Charles Melton has a musky scent to him. At least, that’s what he tells me over Zoom while on break from shooting his campaign for YSL Beauty. “I don’t know if that has something to do with me being an athlete, or just, like, my natural pheromones,” he says. Today the actor officially becomes a U.S. voice of MYSLF—YSL’s woody cologne with subtle floral notes—joining Austin Butler, Finn Wolfhard, Lil Yachty, Hunter Doohan, and Noah Beck as brand envoys. “There’s a muskiness and this floral scent to MYSLF that I really enjoy, and I feel naturally fits with…myself.”
Melton’s earliest scent memories, from when he was just a toddler, are a far cry from the patchouli and orange blossom notes of MYSLF. “I remember sitting on my mom’s lap in a U-Haul while my dad was going inside of the gas station to pick up some sodas and beef jerky,” he says. “I remember the scent of Lay’s chips with lime, and I remember the smell of flowers.” He wonders if there was a rose bush near the gas station, or if he was simply breathing in his mother’s signature scent. “My mom likes floral oils and stuff like that,” he says.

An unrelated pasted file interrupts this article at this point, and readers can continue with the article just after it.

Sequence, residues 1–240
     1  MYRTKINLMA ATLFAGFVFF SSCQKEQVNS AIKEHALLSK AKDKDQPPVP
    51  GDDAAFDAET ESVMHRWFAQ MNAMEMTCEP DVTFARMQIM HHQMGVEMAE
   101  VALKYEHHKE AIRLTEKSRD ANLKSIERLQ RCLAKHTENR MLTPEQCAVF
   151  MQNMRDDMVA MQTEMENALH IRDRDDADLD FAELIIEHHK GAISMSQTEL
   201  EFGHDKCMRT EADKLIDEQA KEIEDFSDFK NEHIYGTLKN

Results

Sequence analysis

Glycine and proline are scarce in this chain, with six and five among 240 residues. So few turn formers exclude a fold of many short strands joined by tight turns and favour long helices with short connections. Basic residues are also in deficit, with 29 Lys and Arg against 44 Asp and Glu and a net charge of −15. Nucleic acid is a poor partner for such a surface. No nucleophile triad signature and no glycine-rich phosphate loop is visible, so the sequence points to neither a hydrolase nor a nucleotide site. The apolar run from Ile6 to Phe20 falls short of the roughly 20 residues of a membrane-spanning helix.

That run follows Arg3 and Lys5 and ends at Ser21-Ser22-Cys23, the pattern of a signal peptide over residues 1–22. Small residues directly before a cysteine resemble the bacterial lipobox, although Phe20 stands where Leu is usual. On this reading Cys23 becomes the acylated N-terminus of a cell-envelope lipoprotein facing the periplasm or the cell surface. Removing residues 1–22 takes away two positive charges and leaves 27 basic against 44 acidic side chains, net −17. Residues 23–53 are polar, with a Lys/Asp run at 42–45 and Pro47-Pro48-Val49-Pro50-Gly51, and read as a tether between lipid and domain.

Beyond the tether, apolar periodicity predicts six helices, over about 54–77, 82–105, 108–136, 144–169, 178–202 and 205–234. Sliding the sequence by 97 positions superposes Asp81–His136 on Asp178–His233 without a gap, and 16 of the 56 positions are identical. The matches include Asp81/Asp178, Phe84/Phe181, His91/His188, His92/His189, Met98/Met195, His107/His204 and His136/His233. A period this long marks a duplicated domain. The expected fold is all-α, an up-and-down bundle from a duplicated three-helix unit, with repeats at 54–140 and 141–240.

Fragrance, the May December actor says, is integral to his self-exploration and daily routine. “I put on moisturizer [and] a little eye cream,” he says, adding that he then likes to “mist [fragrance] five times and walk through it.” The ritual eases him into the day—whether it be hyper-scheduled or unpredictable. ”It’s a pretty great way for me to start off my journey of discovery,” he says.
That interest in discovery extends beyond Melton’s sense of self to the characters he embodies. “The sense of smell and what it makes you think is subjective, right?” he opines. “But I think, as an actor, it definitely can help inform [a character].” While Melton didn’t pick a specific cologne for Joe Yoo in May December or Reggie Mantle in Riverdale, he does acknowledge how critical scent is to unlocking a character’s psyche.
“When you focus on the psychology of a character and get into the minutiae of why they are the way they are—what their emotional makeup is, and the complexities, and the layers of who they are—I think that informs a lot of decisions as to why they would maybe dress a certain way or smell a certain way,” he says. It’s almost scientific, how he works backwards, planting scent memories in a character’s past. “Part of the reverse engineering, the technical approach of understanding why—what lead [a character to a scent]—that’s an exciting starting point of curiosity to just explore.”